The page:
Rocstar  Software Suite

Engineering at Illinois Engineering at Illinois

Rocstar  Software Suite

Overview

Rocstar is a comprehensive, integrated, highly parallel software suite for complex three-dimensional multiphysics simulations. Its individual component codes are based in turn on basic research and development in turbulence modeling, multiphase flow, constitutive modeling, combustion chemistry, computational mechanics, coupling methodology, etc. Now relatively mature, Rocstar provides by far the most advanced rocket simulation capability available anywhere for analyzing performance and reliability issues in existing solid rocket motors and for virtual prototyping of new designs. Through collaborations with CSAR, Rocstar is increasingly relied upon by the solid propulsion programs of DOD, NASA, and the U.S. rocket industry. The code is available either by license from the University of Illinois or through a consulting arrangement with IllinoisRocstar LLC.

The original target for Rocstar was the simulation of solid propellant rocket engines, but Rocstar is in fact a flexible, general-purpose framework that can effectively simulate a wide variety of multicomponent systems involving fluid dynamics, structural dynamics, combustion, and their interactions. Rocstar features multiple, state-of-the-art solvers for various types of physical components, but what truly sets it apart is its sophisticated integration framework that enables the straightforward coupling of independently developed physics modules with minimal changes, and also provides an array of services including parallel I/O, automated load balancing, performance profiling, accurate and conservative data transfer, mesh adaptation, surface propagation, and overall parallel orchestration. Rocstar has been applied to a number of fluid-structure interaction and multiphase problems in addition to rocketry, including simulations of noise from helicopter blades, fuel injectors, volcanoes, and the effects of wind on tall buildings. In addition, Rocstar has exhibited excellent scalability on multiple thousands of processors.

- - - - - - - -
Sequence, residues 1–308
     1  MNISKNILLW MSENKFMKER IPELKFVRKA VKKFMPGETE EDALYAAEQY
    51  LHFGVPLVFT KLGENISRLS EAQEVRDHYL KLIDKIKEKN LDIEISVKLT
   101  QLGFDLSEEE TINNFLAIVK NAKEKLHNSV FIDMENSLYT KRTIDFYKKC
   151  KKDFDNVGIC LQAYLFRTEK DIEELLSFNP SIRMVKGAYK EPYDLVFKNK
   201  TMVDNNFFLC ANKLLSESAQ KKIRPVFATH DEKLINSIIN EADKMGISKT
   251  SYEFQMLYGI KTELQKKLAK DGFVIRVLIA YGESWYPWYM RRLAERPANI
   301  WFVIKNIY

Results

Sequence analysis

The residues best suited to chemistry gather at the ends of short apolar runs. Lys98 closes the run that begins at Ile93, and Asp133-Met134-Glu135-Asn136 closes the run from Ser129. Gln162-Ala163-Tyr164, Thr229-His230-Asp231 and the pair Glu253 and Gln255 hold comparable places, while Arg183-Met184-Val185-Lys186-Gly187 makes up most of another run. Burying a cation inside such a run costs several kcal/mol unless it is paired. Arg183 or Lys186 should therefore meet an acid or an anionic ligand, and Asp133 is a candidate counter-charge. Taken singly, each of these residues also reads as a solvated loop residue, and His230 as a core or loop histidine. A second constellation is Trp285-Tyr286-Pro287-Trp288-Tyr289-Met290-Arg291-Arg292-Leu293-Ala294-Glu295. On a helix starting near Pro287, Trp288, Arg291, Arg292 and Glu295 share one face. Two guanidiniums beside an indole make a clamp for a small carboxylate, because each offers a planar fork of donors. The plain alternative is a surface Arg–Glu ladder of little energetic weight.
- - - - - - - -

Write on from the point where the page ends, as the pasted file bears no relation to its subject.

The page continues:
Detailed Description

Rocstar is a fully-integrated, general-purpose solver for the numerical simulation of fully-coupled, time-dependent fluid, structure, and combustion interaction problems. It consists of a suite of physics applications coupled together by means of a powerful integration framework. All components of Rocstar are designed to run efficiently on massively parallel computers, enabling the use of detailed, science-based physical models in complex 3-D geometries.

The physics applications (“solvers”) integrated in Rocstar are general-purpose, discipline-specific code modules that interact with the integration framework by calling a comprehensive set of library routines to register and share their data and to take advantage of the advanced meshing, data transfer, surface propagation, I/O, and other capabilities included in the framework. A key design goal was to minimize the number of modifications required to integrate a new solver with Rocstar.